The Lives of Freda:
the political, spiritual and personal journeys
of Freda Bedi
by Andrew Whitehead
Here's an excerpt from The Lives of Freda - the introduction:
When Freda Houlston confided that she was going to marry the handsome Sikh student she'd been seeing, her best friend, Barbara Castle, replied: 'Well, thank goodness. Now at least you won't become a suburban housewife!'
Freda's mother was exactly that - a housewife in the suburbs of Derby in the English Midlands. It would have been natural, expected indeed, for her daughter to fall into that same groove. In fact, Freda refused to fit into any groove. She broke the mould - not once, but repeatedly through the decades.
'It was my destiny to go to India', Freda declared. And from the moment of her marriage to B.P.L. Bedi at a registry office in Oxford in the summer of 1933, she regarded herself as Indian and dressed in the Indian style. It would be another year or more before she set foot on Indian soil. By the time she disembarked at Mumbai, twenty-three years old and with her baby son in her arms, she had already co-edited with her husband four volumes about the country she was to make her home.
She lived for two-thirds of her life in India, adopted its national cause and customs, and took an Indian passport. She served a prison sentence in Lahore as part of Gandhi's protests against an imperial power which happened to be her motherland. Freda Bedi delighted in challenging boundaries and confounding accepted definitions of identity. She could not easily be categorised and saw no reason why she should be. 'One day she was standing in the Lahore Post Office buying stamps', said her publishers. 'An American looked at her blue eyes and Punjabi dress, and his curiosity broke the bonds of formality. Walking up to her, he asked: "Excuse me, are you English?" She smiled and said: "I am - and I am not."'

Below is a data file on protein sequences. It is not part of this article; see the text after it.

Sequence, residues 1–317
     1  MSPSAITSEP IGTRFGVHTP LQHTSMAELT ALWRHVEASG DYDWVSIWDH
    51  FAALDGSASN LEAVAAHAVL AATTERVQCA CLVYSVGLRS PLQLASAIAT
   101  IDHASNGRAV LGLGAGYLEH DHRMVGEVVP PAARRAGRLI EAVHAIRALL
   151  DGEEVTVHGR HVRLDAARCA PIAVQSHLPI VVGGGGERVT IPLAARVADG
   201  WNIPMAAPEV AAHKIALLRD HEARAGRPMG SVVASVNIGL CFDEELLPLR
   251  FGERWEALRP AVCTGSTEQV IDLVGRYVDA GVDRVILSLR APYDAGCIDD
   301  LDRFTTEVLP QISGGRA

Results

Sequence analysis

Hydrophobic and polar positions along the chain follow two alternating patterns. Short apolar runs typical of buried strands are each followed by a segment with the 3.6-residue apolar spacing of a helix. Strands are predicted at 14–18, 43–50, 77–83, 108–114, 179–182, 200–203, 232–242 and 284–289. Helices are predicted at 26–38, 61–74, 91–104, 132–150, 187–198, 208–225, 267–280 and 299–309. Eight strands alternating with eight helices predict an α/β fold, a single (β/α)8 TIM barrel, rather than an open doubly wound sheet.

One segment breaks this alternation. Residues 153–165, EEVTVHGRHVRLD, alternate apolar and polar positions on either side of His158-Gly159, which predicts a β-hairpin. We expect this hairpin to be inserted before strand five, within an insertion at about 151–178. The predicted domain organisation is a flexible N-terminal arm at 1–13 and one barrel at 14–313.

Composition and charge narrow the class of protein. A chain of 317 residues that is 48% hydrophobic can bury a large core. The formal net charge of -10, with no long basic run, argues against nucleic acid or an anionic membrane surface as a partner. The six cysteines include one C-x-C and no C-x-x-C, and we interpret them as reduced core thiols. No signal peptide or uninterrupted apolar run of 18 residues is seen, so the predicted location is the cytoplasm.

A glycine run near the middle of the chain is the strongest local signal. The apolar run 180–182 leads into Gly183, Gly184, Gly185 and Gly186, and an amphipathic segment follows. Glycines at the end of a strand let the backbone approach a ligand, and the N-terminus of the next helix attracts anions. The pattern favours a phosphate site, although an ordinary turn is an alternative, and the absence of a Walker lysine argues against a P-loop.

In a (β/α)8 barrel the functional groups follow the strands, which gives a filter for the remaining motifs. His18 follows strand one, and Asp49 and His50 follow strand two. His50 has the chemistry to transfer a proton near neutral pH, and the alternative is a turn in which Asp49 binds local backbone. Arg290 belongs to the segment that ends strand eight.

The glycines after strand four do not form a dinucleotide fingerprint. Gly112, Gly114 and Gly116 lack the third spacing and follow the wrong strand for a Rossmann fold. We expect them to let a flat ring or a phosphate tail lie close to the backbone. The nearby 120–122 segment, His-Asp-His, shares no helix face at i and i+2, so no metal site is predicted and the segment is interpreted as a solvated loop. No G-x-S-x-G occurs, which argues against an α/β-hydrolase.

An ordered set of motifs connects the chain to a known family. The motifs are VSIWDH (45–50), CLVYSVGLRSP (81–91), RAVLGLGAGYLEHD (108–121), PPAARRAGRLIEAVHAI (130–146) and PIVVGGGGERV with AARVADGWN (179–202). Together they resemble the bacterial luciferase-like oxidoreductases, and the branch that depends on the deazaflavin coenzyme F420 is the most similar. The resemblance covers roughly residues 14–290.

Throughout her life, Freda constantly reinvented herself. There was a restless, questing, aspect to her alongside the discipline and compassion. She was a woman of faith and spirituality - but one who was an active leftist before alighting on the religion which came to define her, Tibetan Buddhism. She must have been rare among nuns in once having drilled, rifle on her shoulder, in a people's militia. Yet the three big ruptures of her life - from a provincial town to a women's college at Oxford University, from England to India, and from welfare work to ordination as a nun - were not a repudiation of her past. Thirty years after she left Derby, girls at her old school there were collecting money for a new school Freda was setting up in the Himalayan foothills for young Tibetan lamas. Her best friends at Oxford remained in touch all her life, even once she was in holy orders.
Her life was shaped by two tragic deaths - that of her father on the First World War battlefields of northern France, and of her second child while still a baby when Freda had lived less than two years in India. There was an emotional vulnerability evident from her childhood onwards. And a steely determination too - once she had decided on a course of action, she saw it through.
Freda and Bedi's marriage was a heart-warming, insurgent romance, a defiance of convention, and an intellectual and political collaboration. The couple were, in Freda's life-affirming words, 'two students in love, refusing to recognise the barriers of race and colour, dissolving their religious differences into a belief in a common Good, united in their love of justice and freedom ... a marriage based on everything that was good in us.' But it wasn't always an easy marriage. Her husband was, in the arresting phrase of their U.S.-resident daughter, 'a chick magnet' - and the issues within Freda's marriage must have had some influence on her pursuit of a spiritual life, taking vows which required celibacy as well as meditation and renunciation. Some key decisions in her life may have been moulded by what she was escaping as well as what she was moving towards.